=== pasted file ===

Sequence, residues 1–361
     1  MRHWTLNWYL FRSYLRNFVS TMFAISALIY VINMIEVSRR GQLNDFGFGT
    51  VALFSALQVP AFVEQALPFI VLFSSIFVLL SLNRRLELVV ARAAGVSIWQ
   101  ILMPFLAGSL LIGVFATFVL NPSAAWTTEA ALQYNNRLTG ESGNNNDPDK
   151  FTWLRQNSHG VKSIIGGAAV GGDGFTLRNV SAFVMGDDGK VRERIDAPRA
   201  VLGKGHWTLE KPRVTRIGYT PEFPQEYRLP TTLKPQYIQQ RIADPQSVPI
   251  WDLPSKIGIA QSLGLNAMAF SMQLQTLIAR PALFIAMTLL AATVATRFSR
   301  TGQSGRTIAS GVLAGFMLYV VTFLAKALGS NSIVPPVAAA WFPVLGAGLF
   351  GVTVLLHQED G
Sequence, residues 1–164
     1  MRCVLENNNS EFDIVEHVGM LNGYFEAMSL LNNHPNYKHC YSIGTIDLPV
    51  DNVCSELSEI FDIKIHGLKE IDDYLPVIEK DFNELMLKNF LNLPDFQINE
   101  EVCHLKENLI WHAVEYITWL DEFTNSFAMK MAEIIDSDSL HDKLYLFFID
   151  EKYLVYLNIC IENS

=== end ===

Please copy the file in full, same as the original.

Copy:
Sequence, residues 1–361
     1  MRHWTLNWYL FRSYLRNFVS TMFAISALIY VINMIEVSRR GQLNDFGFGT
    51  VALFSALQVP AFVEQALPFI VLFSSIFVLL SLNRRLELVV ARAAGVSIWQ
   101  ILMPFLAGSL LIGVFATFVL NPSAAWTTEA ALQYNNRLTG ESGNNNDPDK
   151  FTWLRQNSHG VKSIIGGAAV GGDGFTLRNV SAFVMGDDGK VRERIDAPRA
   201  VLGKGHWTLE KPRVTRIGYT PEFPQEYRLP TTLKPQYIQQ RIADPQSVPI
   251  WDLPSKIGIA QSLGLNAMAF SMQLQTLIAR PALFIAMTLL AATVATRFSR
   301  TGQSGRTIAS GVLAGFMLYV VTFLAKALGS NSIVPPVAAA WFPVLGAGLF
   351  GVTVLLHQED G
Sequence, residues 1–164
     1  MRCVLENNNS EFDIVEHVGM LNGYFEAMSL LNNHPNYKHC YSIGTIDLPV
    51  DNVCSELSEI FDIKIHGLKE IDDYLPVIEK DFNELMLKNF LNLPDFQINE
   101  EVCHLKENLI WHAVEYITWL DEFTNSFAMK MAEIIDSDSL HDKLYLFFID
   151  EKYLVYLNIC IENS